In most developed economies, sales of second-hand cars outnumber those of new vehicles by about two to one but the opposite is true in China, the world’s largest market for new vehicles.
“The majority of the vehicles in China are still owned by the first owner; secondary-owned vehicles are the minority,” says Bill Russo, a Shanghai-based consultant. “That is unlike any other country.”
To help stimulate the nascent market, Beijing recently introduced a policy that allows old cars from big cities to be resold in smaller ones, a move that will take full effect at the end of May. Previously, to protect local businesses, government regulations prevented cars being sold across provincial borders.
This will “open the pipeline”, according to Mr Russo. “Cars [in China] may be born in upper-tier regions but they tend to retire in lower-tier regions,” he said.
Though huge, China’s car market is in its infancy. Until 1984 it remained technically illegal for individuals to own a car and low personal wealth meant sales did not take off until the mid-2000s.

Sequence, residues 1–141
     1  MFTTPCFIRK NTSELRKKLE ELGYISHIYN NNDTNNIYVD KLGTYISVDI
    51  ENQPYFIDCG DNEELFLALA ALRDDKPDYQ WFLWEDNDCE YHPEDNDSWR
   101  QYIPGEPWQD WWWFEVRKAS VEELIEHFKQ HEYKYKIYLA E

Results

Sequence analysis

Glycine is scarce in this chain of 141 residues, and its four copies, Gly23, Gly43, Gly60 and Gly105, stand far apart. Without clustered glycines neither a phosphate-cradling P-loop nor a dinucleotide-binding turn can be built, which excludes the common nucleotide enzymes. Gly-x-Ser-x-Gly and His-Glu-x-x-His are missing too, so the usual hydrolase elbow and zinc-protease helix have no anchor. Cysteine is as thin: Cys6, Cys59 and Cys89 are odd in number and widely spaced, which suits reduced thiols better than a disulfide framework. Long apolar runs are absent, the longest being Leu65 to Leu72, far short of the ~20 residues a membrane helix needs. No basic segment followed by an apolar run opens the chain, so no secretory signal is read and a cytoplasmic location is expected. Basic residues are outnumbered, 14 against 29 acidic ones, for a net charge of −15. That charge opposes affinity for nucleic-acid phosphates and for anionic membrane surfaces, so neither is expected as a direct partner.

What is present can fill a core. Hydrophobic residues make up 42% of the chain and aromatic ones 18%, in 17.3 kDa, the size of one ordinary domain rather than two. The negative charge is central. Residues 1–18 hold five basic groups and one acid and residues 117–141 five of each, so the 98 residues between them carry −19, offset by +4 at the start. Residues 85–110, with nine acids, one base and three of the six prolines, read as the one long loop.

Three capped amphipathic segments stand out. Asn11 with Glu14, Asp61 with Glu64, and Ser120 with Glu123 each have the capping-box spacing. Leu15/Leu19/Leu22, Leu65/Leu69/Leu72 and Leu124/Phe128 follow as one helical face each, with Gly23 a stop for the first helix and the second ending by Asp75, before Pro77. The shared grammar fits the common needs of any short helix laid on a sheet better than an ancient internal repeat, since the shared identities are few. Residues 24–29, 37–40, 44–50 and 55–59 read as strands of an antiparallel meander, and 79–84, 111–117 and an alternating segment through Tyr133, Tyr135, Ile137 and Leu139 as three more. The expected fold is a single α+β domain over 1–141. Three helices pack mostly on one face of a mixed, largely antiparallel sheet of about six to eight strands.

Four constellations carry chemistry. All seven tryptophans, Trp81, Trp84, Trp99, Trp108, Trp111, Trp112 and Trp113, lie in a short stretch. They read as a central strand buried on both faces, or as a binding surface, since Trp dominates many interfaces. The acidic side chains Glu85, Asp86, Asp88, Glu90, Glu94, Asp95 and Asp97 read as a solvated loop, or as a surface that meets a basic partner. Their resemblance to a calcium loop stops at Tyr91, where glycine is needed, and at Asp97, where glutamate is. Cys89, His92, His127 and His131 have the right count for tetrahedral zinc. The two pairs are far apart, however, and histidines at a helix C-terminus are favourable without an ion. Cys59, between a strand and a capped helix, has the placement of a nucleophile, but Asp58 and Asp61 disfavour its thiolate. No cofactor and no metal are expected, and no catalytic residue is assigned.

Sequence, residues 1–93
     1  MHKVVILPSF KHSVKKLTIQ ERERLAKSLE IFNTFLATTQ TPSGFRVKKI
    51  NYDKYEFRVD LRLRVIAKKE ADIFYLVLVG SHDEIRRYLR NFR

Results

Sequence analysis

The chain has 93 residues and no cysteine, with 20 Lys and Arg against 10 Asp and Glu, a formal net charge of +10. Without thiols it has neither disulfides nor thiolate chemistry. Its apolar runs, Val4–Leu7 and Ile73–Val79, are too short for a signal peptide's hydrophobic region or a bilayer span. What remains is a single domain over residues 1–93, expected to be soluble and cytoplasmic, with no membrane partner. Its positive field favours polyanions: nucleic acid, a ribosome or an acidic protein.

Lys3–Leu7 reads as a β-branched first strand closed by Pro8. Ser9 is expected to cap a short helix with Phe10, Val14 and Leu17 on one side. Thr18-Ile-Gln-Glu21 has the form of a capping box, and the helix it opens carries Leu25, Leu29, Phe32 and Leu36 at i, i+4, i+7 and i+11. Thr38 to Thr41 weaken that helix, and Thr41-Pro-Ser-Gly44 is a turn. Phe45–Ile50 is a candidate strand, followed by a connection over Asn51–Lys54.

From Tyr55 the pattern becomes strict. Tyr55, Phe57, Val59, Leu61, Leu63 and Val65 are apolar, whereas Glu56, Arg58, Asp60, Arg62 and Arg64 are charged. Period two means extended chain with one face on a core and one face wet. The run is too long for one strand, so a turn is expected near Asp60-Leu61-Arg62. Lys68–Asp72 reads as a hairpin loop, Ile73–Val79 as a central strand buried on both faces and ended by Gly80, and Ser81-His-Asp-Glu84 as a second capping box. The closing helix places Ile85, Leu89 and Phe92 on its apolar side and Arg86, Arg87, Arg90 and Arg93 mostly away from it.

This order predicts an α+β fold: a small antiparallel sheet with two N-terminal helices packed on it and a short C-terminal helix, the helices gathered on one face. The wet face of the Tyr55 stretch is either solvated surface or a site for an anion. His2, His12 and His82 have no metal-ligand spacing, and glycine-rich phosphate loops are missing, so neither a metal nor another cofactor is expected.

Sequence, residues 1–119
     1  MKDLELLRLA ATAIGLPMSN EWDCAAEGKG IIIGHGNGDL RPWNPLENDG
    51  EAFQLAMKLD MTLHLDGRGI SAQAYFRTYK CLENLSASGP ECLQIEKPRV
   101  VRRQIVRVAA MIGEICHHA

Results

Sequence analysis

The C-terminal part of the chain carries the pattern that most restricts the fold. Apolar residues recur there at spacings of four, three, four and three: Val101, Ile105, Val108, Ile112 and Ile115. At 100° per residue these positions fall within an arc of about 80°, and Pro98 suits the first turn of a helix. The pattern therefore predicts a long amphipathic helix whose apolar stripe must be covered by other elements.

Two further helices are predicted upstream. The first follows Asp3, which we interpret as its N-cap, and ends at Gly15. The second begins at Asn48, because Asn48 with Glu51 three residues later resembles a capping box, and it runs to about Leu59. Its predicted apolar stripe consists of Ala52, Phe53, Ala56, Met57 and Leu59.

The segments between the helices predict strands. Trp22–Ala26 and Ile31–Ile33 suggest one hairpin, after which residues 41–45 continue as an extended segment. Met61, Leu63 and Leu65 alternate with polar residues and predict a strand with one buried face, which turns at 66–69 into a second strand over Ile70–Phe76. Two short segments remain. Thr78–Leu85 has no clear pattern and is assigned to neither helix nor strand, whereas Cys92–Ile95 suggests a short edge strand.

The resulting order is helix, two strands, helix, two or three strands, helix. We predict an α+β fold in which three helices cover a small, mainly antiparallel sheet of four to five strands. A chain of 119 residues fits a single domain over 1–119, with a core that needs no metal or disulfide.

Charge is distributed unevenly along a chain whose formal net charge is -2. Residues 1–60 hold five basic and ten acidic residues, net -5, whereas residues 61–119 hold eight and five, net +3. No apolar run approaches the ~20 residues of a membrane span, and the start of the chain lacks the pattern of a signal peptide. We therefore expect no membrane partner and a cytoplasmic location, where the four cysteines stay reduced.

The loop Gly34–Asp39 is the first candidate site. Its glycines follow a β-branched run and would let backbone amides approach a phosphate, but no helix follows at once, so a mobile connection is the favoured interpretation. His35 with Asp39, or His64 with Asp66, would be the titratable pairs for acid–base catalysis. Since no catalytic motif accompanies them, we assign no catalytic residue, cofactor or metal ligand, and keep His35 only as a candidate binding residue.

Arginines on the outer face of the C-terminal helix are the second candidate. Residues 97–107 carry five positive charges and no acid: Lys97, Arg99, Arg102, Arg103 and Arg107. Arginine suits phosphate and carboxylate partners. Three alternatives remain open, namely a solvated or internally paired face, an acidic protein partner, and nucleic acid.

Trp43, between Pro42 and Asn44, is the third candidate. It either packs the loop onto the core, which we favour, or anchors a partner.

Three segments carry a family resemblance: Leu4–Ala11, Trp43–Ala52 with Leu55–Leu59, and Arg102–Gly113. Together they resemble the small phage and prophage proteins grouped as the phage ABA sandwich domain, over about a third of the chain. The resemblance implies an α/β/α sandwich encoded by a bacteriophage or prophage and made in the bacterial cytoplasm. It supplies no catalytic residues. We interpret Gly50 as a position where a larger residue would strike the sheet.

The country’s transition into a “new normal” of annual economic growth below 7 per cent following years of double-digit rises is potentially painful for carmakers accustomed to breakneck demand for new models. For used-car sales, however, newly thrifty consumers and a growing number of ageing vehicles are a promising combination.
Rising supply, combined with government support and moves by manufacturers to encourage car-owners to upgrade sooner, promises to see the second-hand market grow at more than double the speed of that for new cars, according to Alex Klose, founder of JZWcars.com, a used car website.
The entrepreneur, Volvo’s former chief executive for China, set up his company in 2014 with the aim of becoming a trusted platform for a nascent market. “One thing holding people back from buying a used car is not knowing whether they can trust it,” he says.
Mr Klose is not alone in seeing the potential for second-hand cars. A flock of online platforms and technology start-ups have recently entered the sector.